By Collin Gallant
Southern Alberta Newspapers
Sparring on health care and government finances, candidates in the Brooks-Medicine Hat riding took the stage for the second and final time on May 17.
Danielle Smith, the incumbent and premier on a re-election campaign, said her government is on the right track and is making needed changes in health.
New Democratic challenger Gwendoline Dirk said the United Conservatives under Smith were relying too heavily on oil prices to balance the budget while paving the way toward private health care.
Barry Morishita, Alberta Party leader, said the threat of “lurches” back and forth from changing governments was causing pain for Alberta business and residents.
“The Alberta Party is not going to form government after this election,” said Morishita, whose party is running in 19 of 87 ridings. “But we can be a moderating force in the toxic politics we see in this province. I can do that from Brooks-Medicine Hat.”
Medicine Hat became the focus of a two-night forum for the riding that began May 16 in Brooks.
On May 17, Smith told the audience of about 300 people that Alberta’s finances are stronger now after four years of UCP government than under the NPD from 2015 to 2019.
“We’ve collected a record amount of corporate income tax this year,” she said, before listing economic and sector development programs. The future of the oilpatch, she said “was very bright” and Alberta’s position strong as oilsands operators’ graduated tax programs expire, LNG export terminals coming on line in several years and the potential to develop hydrogen from natural gas.
“We have to make sure we fight off the federal government’s planned emission cap,” she concluded.
Dirk, however, said the NDP’s plans to incentivize development across sectors was sound and a better option,
“Oil won’t last forever, we need to diversify,” said Dirk, adding former premier Notley dealt with low oil prices and showed net job creation over four years.
“(The budget) is the result of world oil prices. We’re swimming in oil money and that’s not under control of Danielle Smith or the UCP, or Rachel Notley for that matter.”
“We have to have a serious conversation about revenue and expenditures in Alberta – it’s long overdue,” said Morishita. “I’m not hearing anyone up here promising that the next time oil and gas go down that we won’t cut education and health budgets again.”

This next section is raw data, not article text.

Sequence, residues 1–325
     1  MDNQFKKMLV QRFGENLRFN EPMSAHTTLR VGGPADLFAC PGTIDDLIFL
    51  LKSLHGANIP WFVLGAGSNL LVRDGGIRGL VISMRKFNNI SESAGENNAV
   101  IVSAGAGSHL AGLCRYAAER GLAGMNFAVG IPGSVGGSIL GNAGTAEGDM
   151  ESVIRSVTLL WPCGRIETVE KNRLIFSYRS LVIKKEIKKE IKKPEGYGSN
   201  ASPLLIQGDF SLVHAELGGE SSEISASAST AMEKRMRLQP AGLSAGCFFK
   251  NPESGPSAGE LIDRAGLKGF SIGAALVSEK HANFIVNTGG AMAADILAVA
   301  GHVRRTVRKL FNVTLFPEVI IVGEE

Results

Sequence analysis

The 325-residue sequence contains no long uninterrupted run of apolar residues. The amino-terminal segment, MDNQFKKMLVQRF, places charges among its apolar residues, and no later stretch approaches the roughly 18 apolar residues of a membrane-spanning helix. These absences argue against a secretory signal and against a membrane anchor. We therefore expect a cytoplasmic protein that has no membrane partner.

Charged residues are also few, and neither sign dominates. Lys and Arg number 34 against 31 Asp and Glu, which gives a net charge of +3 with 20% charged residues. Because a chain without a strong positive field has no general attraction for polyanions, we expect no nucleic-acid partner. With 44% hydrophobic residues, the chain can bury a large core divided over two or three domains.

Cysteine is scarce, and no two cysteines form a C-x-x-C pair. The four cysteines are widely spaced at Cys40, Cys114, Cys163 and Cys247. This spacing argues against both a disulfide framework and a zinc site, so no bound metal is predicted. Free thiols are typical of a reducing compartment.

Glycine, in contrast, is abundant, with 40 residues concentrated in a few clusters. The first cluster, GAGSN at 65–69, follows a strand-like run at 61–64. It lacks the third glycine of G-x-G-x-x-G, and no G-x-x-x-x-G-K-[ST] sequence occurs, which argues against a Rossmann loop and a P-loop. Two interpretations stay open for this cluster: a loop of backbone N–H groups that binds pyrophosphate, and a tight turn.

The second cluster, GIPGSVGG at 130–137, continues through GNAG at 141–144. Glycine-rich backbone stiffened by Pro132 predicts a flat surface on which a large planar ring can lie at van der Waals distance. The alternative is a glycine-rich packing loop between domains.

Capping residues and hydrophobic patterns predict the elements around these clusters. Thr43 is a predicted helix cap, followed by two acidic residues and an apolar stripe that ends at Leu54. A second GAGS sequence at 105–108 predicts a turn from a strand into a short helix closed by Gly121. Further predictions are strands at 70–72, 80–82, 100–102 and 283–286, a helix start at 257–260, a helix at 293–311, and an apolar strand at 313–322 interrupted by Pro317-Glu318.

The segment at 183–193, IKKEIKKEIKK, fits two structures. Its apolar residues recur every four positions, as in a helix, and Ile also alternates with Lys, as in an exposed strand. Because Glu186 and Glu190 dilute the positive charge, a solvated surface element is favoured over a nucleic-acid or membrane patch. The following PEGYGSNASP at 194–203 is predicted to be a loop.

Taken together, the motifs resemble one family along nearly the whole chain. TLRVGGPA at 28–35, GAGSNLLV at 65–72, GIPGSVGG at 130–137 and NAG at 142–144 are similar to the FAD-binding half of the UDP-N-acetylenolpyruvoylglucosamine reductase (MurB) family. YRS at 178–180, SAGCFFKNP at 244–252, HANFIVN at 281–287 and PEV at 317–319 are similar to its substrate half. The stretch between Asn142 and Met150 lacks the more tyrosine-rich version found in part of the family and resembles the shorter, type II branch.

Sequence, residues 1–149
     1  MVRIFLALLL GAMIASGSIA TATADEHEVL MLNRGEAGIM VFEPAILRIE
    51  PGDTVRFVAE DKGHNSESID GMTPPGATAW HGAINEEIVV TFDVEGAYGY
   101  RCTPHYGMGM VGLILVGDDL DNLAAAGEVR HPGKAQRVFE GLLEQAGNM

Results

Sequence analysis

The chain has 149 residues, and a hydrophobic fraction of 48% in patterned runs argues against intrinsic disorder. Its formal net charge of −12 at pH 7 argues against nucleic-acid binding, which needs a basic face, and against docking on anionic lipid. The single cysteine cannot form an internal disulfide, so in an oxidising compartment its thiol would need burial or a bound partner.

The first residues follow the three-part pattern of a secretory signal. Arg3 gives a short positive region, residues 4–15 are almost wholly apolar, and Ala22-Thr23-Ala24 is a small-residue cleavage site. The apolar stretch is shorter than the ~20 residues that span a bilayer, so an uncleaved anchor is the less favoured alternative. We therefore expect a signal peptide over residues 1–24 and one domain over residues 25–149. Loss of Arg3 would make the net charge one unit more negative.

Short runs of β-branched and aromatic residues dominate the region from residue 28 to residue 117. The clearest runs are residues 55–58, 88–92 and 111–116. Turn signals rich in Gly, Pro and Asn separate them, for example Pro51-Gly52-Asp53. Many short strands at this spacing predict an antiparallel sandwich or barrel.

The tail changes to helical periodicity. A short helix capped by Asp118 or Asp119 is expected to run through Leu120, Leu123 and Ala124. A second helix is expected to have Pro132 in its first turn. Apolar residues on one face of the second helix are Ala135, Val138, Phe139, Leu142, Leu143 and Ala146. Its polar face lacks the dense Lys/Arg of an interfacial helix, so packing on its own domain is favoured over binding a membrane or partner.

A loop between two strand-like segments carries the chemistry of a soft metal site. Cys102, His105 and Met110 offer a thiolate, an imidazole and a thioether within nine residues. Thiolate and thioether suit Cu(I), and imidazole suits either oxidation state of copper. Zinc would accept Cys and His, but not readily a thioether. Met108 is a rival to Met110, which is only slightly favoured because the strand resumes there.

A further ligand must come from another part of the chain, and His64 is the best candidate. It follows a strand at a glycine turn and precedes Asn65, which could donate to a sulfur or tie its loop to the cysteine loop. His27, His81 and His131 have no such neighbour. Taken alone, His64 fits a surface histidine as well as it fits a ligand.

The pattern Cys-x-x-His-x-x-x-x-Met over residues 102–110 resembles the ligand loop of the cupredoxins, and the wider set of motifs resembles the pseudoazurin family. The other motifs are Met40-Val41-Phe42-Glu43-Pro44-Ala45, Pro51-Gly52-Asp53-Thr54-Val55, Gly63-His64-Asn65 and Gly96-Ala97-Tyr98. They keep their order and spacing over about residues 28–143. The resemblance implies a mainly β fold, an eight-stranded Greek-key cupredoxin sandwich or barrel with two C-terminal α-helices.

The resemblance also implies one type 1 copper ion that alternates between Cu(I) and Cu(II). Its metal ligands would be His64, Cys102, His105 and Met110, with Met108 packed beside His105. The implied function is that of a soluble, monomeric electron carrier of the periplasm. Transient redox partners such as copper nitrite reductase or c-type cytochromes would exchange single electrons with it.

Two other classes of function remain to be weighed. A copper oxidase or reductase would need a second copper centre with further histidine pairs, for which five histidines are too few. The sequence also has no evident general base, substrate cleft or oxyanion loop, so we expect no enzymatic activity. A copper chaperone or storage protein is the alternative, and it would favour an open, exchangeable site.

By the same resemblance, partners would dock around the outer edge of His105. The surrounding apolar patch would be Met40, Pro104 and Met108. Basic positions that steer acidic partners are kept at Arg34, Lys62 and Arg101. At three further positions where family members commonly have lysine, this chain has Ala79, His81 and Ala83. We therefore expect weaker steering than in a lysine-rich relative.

On health, Morishita noted all parties say they want to collaborate with health-care workers and doctors, but his party, which espouses coalition building and consultations, is best positioned to enact long-term improvement.
“We have to build a relationship on respect and collaboration,” he said. “It’s not going to get solved very soon. We need a long-term plan.”
Smith, who has been targeted on health in a tight race with the NDP across the province, said she replaced the AHS board after becoming premier and the situation has improved, brushing off criticism about allowing more private sector involvement.
“The NDP keeps confusing the issue … the government pays, not the patient,” she said, about the use of private surgeries to tackle a back-log of procedures. “If we can bring on extra capacity with private clinics, we should.”
Dirk said the NDP platform would bring in a training facility model to attract doctors to underserved communities, such as Medicine Hat, and called the UCP plan for private surgery providers “fancy words for private health care.”
“Let’s not kid ourselves, health care is in crisis,” said Dirk, citing layoffs and contentious talks with doctors during the pandemic.
“Doctors have left and they’re not coming back unless the government changes.”